There’s nothing like a looming deadline to spur action and refine thought. After a year of learning and talking to people who share our dreams of building a sustainable lifestyle based around regenerative agriculture, I found the idea. The idea fulfils a need, filling a gap by exploring twin themes, the intersection between permaculture and technology.
An opportunity to bid for start-up funding presented the deadline, and for me the chance to bring the idea onto paper, and then to begin the reality. For an intense and useful three weeks, I have researched, read and typed out the plans, building a vision, planning budgets and progress. The Business Plan for the Rural Tech Network is complete. Or, at least complete for the time being.
Writing this plan has reminded me of the power that networks can achieve. By bringing together a wide variety of people and organisations, all wanting to learn, share and build their knowledge, you gain so much more. Sharing challenges, experiences and solutions is so important. We often learn more from our mistakes, but are normally happier sharing success. When we are grouped with our peers, listening to others facing problems that we too experience, we can feel supported and not alone. This space also allows solutions to be discussed and mulled, finding out how problems can be tackled in different ways, taking away ideas that others have had success with.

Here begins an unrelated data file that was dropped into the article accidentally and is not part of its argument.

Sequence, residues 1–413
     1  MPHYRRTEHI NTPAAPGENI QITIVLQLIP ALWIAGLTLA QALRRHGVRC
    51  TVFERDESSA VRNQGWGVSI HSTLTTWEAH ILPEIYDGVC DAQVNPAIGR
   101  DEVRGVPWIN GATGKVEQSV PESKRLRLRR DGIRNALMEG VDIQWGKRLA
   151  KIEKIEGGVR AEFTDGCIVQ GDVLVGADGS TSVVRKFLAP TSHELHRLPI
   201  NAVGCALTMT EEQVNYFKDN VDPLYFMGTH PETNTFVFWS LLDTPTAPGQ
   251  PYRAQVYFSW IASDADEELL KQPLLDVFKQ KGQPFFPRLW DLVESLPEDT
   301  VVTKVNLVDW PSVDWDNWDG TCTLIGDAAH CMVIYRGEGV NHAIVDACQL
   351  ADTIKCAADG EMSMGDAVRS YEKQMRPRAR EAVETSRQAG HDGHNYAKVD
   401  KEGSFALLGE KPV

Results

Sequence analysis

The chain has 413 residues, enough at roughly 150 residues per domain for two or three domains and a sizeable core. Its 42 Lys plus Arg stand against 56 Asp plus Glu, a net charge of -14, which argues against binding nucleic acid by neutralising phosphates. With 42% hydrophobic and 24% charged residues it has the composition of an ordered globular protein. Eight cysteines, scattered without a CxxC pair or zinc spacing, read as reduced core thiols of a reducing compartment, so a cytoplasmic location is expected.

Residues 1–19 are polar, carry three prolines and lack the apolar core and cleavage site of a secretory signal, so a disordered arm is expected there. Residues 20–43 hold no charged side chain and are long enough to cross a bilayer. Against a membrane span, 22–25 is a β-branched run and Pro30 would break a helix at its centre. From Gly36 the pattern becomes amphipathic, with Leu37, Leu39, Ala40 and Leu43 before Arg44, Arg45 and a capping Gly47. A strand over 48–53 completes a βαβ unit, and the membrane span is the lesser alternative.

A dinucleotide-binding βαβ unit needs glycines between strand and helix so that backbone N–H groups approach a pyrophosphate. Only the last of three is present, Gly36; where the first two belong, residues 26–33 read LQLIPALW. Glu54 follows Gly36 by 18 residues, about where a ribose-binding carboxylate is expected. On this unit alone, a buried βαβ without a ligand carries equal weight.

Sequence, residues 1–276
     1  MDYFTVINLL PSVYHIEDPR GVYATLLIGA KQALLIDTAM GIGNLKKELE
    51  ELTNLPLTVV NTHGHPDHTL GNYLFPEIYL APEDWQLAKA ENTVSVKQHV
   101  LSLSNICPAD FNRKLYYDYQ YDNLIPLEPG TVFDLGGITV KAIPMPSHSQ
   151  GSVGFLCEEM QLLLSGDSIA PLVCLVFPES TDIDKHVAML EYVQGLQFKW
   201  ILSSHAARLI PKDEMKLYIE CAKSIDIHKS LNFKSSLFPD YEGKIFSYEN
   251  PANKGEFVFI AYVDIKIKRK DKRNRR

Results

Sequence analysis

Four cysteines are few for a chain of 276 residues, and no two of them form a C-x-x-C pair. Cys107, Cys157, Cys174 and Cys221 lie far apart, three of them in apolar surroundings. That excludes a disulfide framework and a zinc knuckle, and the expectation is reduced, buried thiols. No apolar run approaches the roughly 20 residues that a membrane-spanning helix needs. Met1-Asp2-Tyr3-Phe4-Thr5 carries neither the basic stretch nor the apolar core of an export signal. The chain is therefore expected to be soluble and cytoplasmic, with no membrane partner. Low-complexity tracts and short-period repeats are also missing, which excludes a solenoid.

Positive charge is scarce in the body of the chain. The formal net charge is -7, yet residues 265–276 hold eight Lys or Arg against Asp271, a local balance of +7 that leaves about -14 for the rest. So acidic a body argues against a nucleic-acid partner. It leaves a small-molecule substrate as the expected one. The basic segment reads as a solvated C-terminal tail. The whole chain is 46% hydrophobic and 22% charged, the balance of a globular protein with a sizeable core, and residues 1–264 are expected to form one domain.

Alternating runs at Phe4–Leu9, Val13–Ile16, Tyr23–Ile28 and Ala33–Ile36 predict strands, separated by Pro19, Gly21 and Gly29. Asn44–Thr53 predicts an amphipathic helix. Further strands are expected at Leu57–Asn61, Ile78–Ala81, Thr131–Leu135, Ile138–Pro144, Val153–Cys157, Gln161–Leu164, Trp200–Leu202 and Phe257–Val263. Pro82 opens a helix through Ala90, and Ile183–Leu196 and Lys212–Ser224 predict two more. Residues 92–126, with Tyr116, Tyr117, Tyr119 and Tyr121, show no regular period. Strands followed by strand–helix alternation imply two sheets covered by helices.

My field of sustainability and the environment in the UK is chronically underfunded. I’ve watched and lobbied as continued budgets have been cut, organisations fold and been disbanded, and those left with little capacity to carry out their own job requirements, let alone bring the necessary great improvements or new ideas. Yet, within this context, our networks have continued to grow and from this strength, our shared challenges better voiced.
Networks also provide opportunities to collaborate. The one that I’m starting now, will provide cooperatives space to talk about how their regional products can be moved around the country, supporting each other with a wider range of produce, making buying from them more attractive to customers. It will also offer space to tackle wider challenges, particularly those presented by climate breakdown. As the risk of wildfires is exacerbated across Portugal, how can abandoned lands be managed without large financial resources? Can the experiences of other rewilding projects, bringing large grazing animals into sites, offer management with minimal outlay? Using GPS-confined herds, roaming cattle can be kept within specific limits and moved on as and when land managers need them to be.
Other factors might also come into play. Portugal is a land with rich and diverse landscapes. It’s underlying geology also carries huge potential for lithium mining, a key element for battery technology which partners the push towards renewables. Communities though are fighting back, concerned about pollution and the transformation of the landscapes which sustain them. Networks have their own communities of interest, or local groups, within the whole. This is useful to lobby for support and bring the needs of local areas to a wider audience.
I start formally next week, with a meeting to scope the opportunity. My idea fills a need, but I do not claim its perfection and remain open to what wider engagement will bring. The network will be a point of reference, its members the magic ingredients and the offer of communication between peers its real value.